The Danger of Misplaced Confidence

Erik Raymond

The Danger of Misplaced Confidence

People often project confidence when they have no reason to. Some do this out of defiance and others out of ignorance.

An example of defiant confidence would be Saddam Hussein. You may recall the video of Iraqi President, during the Gulf War, sitting in an underground bunker while informing the people of Iraq that they were trouncing the Coalition forces. Again, he was in the bunker! The rest of the world saw what the Iraqi people were seeing: the war was going very badly for him. Obviously this confidence was ill-founded.

Another example comes is from my childhood. I remember my family crossing a rickety bridge about twenty feet over a river in Florida. My dad declared that he was going to stand up on the railing and cross the bridge like a tightrope walker. My mom prevailed upon him and he didn’t do it. A couple of hours later, when we were walking back across the bridge, we saw several alligators poking their heads out of the water directly below the bridge. What if my dad had slipped while attempting such a silly feat? That was confidence amid great danger. A danger that none of us had known was even there.

As Christians we too often lean upon rotten railings. We have confidence for the wrong reasons, in the wrong things, and are unaware of our own vulnerability.

One place you see this ill-placed confidence amid the sirens of vulnerability is with the disciples in the Garden of Gethsemane (Matthew 26:35-46).  The passage is familiar to many. Jesus is being overwhelmed with the impending cup of wrath that has been set before him. The prospect of bearing, drinking, and satisfying this cup has him at the point of death (Mt. 26:38). As retreats to pray he instructs his disciples to “Watch and pray that you may not enter into temptation…” (Mt. 26:41).

The disciples, on the other hand, do not feel the same way. They are not concerned about divine wrath, personal temptation, or the impending ambush from the soldiers. Instead they are content to catch some shuteye. Think about this, they are asleep while Jesus is staggering before the foaming cup of divine wrath. They are asleep while the foot soldiers are rushing towards them with a warrant in hand to arrest and kill Jesus (and anyone else in the way). These guys are complacent, lethargic, ambivalent and disconnected. In their minds they are anything but vulnerable. Instead of “watch and pray” they are up for “lay down and rest.”

This misplaced confidence reminds me of the evangelical climate in the West, particularly in the US. If someone were to say “Watch and pray because of the spiritual battle!” You may hear a response, “Battle? What battle?” Or another, “Vulnerable? To what? To whom?” We too are sleeping when we should be watching and praying.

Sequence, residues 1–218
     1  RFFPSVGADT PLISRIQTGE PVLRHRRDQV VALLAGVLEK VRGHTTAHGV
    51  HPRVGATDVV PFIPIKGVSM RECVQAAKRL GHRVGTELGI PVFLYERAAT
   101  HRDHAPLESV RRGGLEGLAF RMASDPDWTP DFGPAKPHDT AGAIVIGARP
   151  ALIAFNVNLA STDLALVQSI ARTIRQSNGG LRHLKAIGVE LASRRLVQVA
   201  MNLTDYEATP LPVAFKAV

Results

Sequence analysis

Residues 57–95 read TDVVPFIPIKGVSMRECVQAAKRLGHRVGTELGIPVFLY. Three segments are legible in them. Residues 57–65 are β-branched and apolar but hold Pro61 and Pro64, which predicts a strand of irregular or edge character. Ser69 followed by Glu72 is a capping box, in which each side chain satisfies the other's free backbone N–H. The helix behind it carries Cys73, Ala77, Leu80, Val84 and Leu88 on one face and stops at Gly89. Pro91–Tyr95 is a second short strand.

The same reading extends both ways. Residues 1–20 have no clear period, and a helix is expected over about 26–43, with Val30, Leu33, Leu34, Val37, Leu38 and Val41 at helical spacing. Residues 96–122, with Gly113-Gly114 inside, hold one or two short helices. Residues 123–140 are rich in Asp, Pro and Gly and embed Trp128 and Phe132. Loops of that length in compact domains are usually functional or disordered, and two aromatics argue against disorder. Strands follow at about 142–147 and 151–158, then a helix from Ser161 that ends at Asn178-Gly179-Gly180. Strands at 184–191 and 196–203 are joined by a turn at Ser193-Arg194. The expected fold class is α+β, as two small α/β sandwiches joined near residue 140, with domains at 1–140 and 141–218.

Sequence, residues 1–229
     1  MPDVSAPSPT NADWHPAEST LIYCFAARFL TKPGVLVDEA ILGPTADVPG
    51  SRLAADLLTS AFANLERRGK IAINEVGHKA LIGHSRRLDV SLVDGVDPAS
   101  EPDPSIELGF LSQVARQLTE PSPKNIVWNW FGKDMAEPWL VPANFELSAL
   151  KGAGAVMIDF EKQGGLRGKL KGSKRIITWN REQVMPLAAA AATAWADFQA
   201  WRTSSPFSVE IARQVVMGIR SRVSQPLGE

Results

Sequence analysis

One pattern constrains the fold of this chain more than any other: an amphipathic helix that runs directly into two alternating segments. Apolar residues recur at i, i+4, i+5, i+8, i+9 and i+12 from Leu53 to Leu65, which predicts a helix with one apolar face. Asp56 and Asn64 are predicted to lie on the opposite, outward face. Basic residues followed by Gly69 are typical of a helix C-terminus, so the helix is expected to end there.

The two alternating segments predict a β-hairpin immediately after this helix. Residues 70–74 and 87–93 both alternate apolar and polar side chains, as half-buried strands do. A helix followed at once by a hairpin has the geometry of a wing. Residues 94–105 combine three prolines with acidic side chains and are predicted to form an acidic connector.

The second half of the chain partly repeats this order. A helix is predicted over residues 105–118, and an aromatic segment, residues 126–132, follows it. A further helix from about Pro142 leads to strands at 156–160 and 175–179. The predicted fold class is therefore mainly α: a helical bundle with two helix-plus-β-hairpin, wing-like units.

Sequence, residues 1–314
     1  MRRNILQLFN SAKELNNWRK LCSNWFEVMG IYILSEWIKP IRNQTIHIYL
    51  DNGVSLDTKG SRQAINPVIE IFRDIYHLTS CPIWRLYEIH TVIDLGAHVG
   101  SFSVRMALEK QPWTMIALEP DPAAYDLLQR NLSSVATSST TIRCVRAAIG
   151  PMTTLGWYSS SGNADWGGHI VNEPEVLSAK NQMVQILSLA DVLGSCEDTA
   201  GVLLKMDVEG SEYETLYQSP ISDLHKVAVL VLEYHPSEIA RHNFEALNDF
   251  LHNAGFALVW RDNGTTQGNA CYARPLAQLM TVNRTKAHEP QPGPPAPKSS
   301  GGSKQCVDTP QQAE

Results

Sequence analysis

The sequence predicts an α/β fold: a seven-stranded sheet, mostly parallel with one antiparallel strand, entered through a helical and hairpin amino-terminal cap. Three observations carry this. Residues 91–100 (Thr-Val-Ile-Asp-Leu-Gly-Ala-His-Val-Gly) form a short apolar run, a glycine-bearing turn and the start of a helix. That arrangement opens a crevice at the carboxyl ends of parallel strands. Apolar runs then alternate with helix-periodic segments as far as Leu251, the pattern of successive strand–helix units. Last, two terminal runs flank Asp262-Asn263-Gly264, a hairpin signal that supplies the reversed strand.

There are many contributing factors to this but some include; a lack of major life trials (many have a relatively “easy” life), a lack of persecution (we have the mosquito bites of persecution by the world around us but nothing like what is happening in places like Africa and Asia today), and an adjustment to the temperature (we become used to the world system).

Can you relate?

What are some personal examples to help diagnose complacency?

1.       How is your prayer life? So often when one is asked how they are doing spiritually they remark that their prayer life is not where it should be. Why? Well, we say that we are often too busy or that we just don’t have time. Perhaps better: we don’t see the need. Or more sharply: we are sleeping.

2.       How do you prioritize the reading and hearing of the Bible? What is your daily diet of reading, mediation, memorization, and study of the Bible like? How do you prioritize the reading of the Bible in your home (family)? How do you approach Sunday’s at your local church? Is it a time for you to critique others or be critiqued and transformed by the Word of God and the God of the Word?

3.       What sin are you struggling with or working through via confession? Many people can’t pinpoint particular sins and issues they are working through. We speak in generic terms like “pride,” “selfishness,” and “laziness”. But how does that manifest itself? How are you confessing, repenting, and mortifying this sin?

4.       How are you praying for others in their pursuit of holiness? A lack of prayer or a lack of watchful, intentional prayer for one another indicates a depth perception issue in terms of the spiritual life. We are to feel the burdens of one another, bearing them in life and in prayer (Gal. 6:2; Jam. 5:16; Heb. 3:13).

There is a relationship between our self-confidence and our watching and praying. In other words, our lack of prayerful watching indicates our unbiblical and misplaced self-confidence.

Jesus wants his followers to rest in God rather than in themselves. This is why he tells us all to watch and pray. In fact, he puts this theme in the Lord’s Prayer: “Lead us not into temptation…” (Mt. 6:13). This leading that we are praying for is a leading to rest in God rather than ourselves.
 

Erik Raymond is pastor at Emmaus Bible Church in Omaha, Nebraska. He and his wife, Christie, have six children. You can follow Erik at ordinarypastor.com and on Twitter @ErikRaymond.  

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